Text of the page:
Ireteba Peaks

Fact Sheet

brochure Ireteba Peaks - Fact Sheet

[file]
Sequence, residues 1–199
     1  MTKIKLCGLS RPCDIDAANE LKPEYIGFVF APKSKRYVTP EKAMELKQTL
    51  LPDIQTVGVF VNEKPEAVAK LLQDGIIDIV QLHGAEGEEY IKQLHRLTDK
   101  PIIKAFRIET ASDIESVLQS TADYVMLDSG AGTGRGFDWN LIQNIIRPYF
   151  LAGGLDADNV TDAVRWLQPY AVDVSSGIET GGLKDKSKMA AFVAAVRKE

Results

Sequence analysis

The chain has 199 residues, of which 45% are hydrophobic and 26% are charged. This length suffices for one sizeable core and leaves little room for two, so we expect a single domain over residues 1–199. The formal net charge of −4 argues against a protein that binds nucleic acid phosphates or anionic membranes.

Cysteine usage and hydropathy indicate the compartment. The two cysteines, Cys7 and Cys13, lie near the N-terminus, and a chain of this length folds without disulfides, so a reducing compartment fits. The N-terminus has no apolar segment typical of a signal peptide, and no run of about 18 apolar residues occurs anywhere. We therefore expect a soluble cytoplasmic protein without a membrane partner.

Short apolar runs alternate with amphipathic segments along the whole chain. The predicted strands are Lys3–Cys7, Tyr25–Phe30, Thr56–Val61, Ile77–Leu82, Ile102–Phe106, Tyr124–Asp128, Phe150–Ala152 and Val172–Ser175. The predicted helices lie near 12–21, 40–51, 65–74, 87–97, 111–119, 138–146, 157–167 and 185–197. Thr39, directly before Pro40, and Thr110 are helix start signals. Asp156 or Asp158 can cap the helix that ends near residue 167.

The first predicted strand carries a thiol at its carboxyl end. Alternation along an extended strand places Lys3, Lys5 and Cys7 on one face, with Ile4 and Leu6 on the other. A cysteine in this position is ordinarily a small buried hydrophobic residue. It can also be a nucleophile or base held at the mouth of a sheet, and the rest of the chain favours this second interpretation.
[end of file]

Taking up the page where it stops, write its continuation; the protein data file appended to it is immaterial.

Bureau of Land Management Southern Nevada District Office 4701 N. Torrey Pines Drive Las Vegas, NV 89103 Size: 32,745 acres Elevation Range: 650 - 5,060 feet Designation: Clark County Conservation of Public Land and Natural Resources Act of 2002 BLM Ireteba Peaks Wilderness Area Description The Ireteba Peaks Wilderness includes the southern portion of the rugged, volcanic Eldorado Mountains. Named after Irataba, leader of the Mojave people in the mid-1800s, Ireteba Peak rises to 5,060 feet above sea level, offering a stunning view across the wilderness and Lake Mohave. Pinyon and juniper trees dot the higher elevation areas where bighorn sheep roam. As the range drops off to the east, short, steep canyons cut down the eastern side of the ridge. Rolling hills give way to a series of shallow washes across a broad bajada. From here, the land gently runs out to the north end of Lake Mohave. Creosote, yucca, cholla, desert willow, and various cacti sprawl across the lower desert where jackrabbits, side-blotched lizards, rattle snakes, and desert tortoises make their home. Petroglyphs and pictographs can be found, as well as old mines. Beyond the shore of Lake Mohave, water is scarce in this wilderness area, and summer temperatures can reach 120 degrees Fahrenheit. Directions The Ireteba Peaks Wilderness lies 45 miles south of Las Vegas, between Nelson and Searchlight, Nevada. The northern boundary is a power line corridor that runs from the end of the Ireteba Peaks ridge to Lake Mohave. The crest of the Ireteba Peaks ridge marks the western border. Dirt roads running west from Lake Mohave between Opal Mountain and the Rockefeller Mine cut around the south end of the Ireteba Peaks ridge to mark the southern border. The shore of Lake Mohave forms the eastern border. Visitors can access the Ireteba Peaks Wilderness from dirt roads leading off of State Route 165 from the north, U.S. Highway 95 from the west, Cottonwood Cove Road from the south, or Lake Mohave from the east. Recreation Contained largely within the Lake Mead National Recreation Area, the Ireteba Peaks Wilderness is managed jointly by the BLM and the National Park Service. Backcountry permits are not required. Camping is limited to a total of 14 days in one location, and no more than 90 days total within any consecutive 12-month period. Motorized vehicles, mechanized equipment, and mechanical transport are not permitted in designated wilderness. Maps USGS 7.5 Quadrangle Maps: Nelson, Fire Mountain Ireteba Peaks, Mount Davis Additional Information • Campsites must be at least a half-mile off of designated roads and 100 feet from any spring, water hole, seep or watering device. • Campsites must be more than 100 feet from any archeological site, including rock art. • Disposing of debris and garbage is prohibited. • Maximum group size: 12 members • Maximum length of stay: 14 days • Campfires are allowed, except during regional fire restrictions, with the use of a fire pan and/or fire blanket. All firewood must be packed in. Visitors are encouraged to use camp stoves. • Geocaching is not permitted in this wilderness area. • Dogs and other pets are prohibited. Southern Nevada District Office The Ireteba Peaks Wilderness provides a stunning stage for hiking, horseback riding, and camping. Wildlife is abundant, with bighorn sheep in the mountains and migrating birds near the river. Hunting is allowed with proper licensing; however, target practice is prohibited. Visitors are reminded to not disturb archaeological resources and stay out of open mine shafts. No warranty is made by the Bureau of Land Management as to the accuracy, reliability, or completeness of these data for individual use or aggregate use with other data. Original data were compiled from various sources. This information may not meet National Map Accuacy standards. This product was developed through digital means and may be updated without notification. Southern Nevada District Office N BLM Ireteba Peaks Wilderness

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